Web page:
BRITAIN'S immigration policies may be in a mess but the invariably negative interventions of the organisation Migrationwatch do not help. Yesterday it attempted to disprove that the government's claim of national economic benefit from immigration by calculating that the advantage was no more the two pounds per head of the population per year. The Confederation of British Industry challenged the figure and reiterated that “overall, migration is good for employment and good for the economy.” However, the government has been caught out in a particularly nasty piece of retrospective legislation which has put many valuable immigrants in a difficult position. The “highly skilled migrants programme” was introduced four years ago to encourage well-qualified people to come to Britain in return for a promise that they would be offered permanent residence after four years. Some 20'000 people, among them scientists.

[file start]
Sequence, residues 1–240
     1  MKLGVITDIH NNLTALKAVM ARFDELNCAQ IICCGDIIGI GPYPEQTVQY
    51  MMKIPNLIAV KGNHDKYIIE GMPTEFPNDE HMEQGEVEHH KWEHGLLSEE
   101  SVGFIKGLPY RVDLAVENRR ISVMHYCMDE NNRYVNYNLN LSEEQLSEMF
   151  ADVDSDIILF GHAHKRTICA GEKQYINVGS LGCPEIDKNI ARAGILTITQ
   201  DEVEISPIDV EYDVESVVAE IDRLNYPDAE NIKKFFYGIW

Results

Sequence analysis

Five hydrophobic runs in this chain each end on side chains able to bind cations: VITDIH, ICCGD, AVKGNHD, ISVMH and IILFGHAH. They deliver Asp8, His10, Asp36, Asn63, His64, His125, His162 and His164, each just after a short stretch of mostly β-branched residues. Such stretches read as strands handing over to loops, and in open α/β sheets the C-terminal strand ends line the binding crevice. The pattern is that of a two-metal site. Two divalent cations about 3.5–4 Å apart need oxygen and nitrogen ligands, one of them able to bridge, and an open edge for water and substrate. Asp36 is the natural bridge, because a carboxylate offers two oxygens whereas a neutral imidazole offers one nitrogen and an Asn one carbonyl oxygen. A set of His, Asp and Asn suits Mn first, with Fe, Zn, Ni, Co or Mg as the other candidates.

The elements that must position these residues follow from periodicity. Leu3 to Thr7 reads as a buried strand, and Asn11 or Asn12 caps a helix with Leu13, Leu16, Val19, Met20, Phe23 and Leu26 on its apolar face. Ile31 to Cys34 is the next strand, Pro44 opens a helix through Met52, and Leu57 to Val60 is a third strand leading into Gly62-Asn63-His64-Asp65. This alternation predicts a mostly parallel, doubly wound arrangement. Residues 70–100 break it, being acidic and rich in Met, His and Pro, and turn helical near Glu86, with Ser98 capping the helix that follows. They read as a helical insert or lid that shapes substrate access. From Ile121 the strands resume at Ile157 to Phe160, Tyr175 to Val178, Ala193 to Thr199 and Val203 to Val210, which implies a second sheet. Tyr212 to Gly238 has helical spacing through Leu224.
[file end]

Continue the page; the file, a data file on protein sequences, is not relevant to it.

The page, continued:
IT specialists and entrepreneurs, accepted the deal but now find that the Home Office has changed the rules so that they have to apply to extend their visas under different criteria. Many sold businesses and homes in order to establish themselves and their families in Britain but may now be told that they will have to leave because their qualifications do not meet the new criteria. Several of those affected have pointed out that they could have gone to the United States or Canada but chose Britain because of Commonwealth or other connections and now feel that Britain has broken faith with them.


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